In December 1996, the Commission for the Future of Justice and the Courts in North Carolina published its report, Without Favor, Denial or Delay, recommending a design for the court system of the future and strategies for how to achieve it. One of their significant recommendations was the implementation of unified family courts across the state. Ten years ago, the Commission members recognized that families were changing and facing new challenges and stressors making their court cases more complex, and that there were growing numbers of juvenile and domestic cases crowding district court dockets. Because of heavy caseloads, judges had little option other than to handle these sensitive matters in much the same as other cases – “that is, as an isolated matter, in which the speed of resolution is largely determined by attorneys and litigants.”
Commissioners went on to describe specific problems brought about by such case processing:
- Numerous judges handling various parts of the same case resulting in lack of communication and inconsistent court orders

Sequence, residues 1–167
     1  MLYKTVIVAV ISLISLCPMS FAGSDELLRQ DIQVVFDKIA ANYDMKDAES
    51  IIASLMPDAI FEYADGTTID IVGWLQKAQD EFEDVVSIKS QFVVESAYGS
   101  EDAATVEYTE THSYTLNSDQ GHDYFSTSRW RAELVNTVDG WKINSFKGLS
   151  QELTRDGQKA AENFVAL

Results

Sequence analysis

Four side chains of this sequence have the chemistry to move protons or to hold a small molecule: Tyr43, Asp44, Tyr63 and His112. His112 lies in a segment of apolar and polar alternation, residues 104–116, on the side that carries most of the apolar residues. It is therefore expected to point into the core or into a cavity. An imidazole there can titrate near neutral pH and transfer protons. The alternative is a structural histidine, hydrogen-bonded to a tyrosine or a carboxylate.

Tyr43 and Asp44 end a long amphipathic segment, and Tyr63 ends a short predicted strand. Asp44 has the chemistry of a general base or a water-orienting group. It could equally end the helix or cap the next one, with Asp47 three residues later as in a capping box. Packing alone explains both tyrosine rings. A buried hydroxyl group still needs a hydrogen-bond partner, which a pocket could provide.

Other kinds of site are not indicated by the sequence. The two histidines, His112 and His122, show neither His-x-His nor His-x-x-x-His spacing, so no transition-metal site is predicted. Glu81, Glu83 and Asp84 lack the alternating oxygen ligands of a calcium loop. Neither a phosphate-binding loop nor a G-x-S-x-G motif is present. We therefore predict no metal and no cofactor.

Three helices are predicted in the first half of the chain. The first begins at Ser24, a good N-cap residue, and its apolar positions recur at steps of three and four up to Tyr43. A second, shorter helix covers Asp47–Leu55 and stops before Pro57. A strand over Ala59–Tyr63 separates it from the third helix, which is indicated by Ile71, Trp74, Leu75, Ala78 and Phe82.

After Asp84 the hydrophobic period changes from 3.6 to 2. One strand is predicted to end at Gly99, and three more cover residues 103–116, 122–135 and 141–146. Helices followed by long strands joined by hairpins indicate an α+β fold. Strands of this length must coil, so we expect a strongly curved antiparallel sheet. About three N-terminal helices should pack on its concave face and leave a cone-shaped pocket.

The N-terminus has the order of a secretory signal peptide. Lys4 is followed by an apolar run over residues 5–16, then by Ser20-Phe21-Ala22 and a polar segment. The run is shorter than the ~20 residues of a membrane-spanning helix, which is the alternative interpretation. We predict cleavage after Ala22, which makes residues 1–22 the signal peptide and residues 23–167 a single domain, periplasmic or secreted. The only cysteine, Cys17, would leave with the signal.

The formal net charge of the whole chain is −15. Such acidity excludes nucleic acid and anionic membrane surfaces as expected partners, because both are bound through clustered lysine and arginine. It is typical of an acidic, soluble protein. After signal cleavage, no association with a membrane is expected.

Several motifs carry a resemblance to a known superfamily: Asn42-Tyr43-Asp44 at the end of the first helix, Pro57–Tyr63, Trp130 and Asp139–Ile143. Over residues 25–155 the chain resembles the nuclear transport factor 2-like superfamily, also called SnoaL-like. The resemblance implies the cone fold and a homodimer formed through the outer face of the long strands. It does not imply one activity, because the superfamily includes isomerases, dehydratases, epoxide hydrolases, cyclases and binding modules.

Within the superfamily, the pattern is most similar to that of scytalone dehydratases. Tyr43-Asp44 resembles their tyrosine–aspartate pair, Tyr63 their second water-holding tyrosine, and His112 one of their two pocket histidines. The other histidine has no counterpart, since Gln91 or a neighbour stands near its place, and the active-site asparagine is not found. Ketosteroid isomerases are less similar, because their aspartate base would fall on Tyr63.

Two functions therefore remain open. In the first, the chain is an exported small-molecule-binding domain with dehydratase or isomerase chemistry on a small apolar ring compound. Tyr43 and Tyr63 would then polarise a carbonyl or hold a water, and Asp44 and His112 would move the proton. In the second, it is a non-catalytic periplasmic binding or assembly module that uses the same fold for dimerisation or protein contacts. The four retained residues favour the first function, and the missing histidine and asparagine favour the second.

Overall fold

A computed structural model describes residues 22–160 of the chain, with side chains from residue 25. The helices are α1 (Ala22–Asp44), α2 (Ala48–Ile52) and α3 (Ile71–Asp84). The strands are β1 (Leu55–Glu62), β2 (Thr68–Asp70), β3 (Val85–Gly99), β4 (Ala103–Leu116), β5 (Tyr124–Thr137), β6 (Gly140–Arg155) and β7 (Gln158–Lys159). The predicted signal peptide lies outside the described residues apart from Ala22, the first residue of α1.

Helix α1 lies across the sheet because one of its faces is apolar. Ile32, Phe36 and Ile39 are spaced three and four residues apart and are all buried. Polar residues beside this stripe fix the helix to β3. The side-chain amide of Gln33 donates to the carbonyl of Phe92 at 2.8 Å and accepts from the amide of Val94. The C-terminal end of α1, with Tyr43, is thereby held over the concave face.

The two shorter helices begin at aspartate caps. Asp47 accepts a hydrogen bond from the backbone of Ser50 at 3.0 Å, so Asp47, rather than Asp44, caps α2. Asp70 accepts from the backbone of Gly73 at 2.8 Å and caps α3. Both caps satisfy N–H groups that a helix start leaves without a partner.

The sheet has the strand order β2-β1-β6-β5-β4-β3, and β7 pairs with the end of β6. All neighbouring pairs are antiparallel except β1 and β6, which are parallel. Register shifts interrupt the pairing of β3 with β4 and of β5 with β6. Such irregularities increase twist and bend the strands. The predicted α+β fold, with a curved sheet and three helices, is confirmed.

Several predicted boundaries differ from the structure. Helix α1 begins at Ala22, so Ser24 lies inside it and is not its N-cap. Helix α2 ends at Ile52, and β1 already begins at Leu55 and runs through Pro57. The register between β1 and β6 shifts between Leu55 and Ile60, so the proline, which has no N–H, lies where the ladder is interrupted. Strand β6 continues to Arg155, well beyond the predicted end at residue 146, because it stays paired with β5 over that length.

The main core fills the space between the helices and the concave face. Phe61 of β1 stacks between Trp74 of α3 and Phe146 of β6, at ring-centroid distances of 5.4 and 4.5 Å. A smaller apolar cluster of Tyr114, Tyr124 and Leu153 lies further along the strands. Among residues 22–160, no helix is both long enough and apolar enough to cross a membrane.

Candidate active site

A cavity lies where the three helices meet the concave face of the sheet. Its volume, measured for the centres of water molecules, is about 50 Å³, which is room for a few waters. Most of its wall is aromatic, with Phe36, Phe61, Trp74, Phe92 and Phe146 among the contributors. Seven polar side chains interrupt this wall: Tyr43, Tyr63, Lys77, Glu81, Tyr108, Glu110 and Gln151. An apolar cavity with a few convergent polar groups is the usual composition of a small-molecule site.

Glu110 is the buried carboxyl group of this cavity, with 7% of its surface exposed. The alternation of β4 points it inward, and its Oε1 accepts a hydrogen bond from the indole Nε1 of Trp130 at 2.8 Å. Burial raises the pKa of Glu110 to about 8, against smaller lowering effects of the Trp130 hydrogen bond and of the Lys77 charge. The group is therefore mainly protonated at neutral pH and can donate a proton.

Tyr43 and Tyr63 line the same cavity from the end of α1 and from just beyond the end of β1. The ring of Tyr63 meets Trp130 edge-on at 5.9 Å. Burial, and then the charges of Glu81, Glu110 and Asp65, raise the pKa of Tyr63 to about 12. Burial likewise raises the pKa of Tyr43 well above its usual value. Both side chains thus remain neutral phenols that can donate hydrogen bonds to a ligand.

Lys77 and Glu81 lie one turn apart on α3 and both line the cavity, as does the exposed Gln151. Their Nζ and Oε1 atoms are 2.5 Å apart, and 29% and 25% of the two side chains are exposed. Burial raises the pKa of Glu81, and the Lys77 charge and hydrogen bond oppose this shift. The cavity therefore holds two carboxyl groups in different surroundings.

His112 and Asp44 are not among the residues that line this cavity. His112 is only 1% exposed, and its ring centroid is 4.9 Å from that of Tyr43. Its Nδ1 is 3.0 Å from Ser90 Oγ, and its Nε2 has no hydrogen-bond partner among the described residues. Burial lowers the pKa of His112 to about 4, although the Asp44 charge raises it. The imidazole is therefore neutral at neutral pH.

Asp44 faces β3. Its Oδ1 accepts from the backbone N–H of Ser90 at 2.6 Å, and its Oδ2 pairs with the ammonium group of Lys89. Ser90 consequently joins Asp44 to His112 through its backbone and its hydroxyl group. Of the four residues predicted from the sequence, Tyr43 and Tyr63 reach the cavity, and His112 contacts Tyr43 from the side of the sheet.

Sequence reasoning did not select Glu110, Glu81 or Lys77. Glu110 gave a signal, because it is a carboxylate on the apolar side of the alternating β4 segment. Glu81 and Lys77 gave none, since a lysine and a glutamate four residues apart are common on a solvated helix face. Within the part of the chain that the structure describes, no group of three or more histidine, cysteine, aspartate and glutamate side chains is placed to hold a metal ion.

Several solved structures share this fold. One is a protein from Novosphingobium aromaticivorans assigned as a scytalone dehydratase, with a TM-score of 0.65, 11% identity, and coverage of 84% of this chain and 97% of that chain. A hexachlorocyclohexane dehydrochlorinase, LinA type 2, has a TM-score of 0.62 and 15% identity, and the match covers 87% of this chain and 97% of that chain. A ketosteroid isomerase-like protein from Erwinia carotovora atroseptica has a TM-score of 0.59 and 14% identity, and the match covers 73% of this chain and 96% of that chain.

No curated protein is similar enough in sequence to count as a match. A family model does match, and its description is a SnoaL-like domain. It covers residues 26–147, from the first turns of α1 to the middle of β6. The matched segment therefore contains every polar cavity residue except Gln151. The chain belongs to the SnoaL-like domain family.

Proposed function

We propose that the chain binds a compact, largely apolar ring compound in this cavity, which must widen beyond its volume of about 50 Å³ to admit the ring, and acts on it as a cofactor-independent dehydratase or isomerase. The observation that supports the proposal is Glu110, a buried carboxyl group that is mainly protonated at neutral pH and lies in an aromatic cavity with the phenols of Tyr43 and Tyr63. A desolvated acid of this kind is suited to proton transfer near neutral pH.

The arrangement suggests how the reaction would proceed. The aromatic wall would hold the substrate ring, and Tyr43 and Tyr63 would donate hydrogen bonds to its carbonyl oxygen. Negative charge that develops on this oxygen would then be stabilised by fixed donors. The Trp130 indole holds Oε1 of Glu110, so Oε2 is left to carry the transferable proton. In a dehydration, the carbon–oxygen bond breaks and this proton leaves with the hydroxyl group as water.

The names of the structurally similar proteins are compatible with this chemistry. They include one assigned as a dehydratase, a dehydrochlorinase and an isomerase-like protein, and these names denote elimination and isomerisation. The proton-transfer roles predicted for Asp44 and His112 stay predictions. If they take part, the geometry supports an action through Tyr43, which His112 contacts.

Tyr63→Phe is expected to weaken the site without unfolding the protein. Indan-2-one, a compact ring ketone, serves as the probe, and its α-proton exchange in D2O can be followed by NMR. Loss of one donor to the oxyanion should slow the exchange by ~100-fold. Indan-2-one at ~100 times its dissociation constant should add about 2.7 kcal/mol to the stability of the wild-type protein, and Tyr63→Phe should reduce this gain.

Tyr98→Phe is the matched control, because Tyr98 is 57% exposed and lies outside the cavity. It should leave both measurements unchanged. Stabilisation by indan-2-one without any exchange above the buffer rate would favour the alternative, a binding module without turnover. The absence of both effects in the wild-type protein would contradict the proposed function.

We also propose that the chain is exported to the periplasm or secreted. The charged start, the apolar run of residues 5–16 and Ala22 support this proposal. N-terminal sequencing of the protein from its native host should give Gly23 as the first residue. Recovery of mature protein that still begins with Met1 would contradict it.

- Delays used by one party to create hardship for the other
- Children in foster care remaining longer than was necessary
- Juveniles punished for crimes without having issues (e.g. psychological, personal, family) that brought them into delinquency court addressed; and
- Family problems resulting in juvenile offenders and ultimately leading to growth in criminal court caseloads.
The Commission concluded that the courts could improve the most by changing their handling of domestic cases. They recommended that a new way of dealing with family-related cases was necessary, one that “respects the rights of each individual family member, promotes the best interest of the family and helps families structure their own solutions.” They further suggested that “this forum should be fully accessible to citizens, regardless of economic status, and should encourage the non-adversarial resolution of disputes whenever possible.”
Still, 6 years after the first Unified Court became active in North Carolina, except for Buncombe County, we do not have a Unified Family Court system in most of Western North Carolina.
Source: North Carolina Administrative Office of the Courts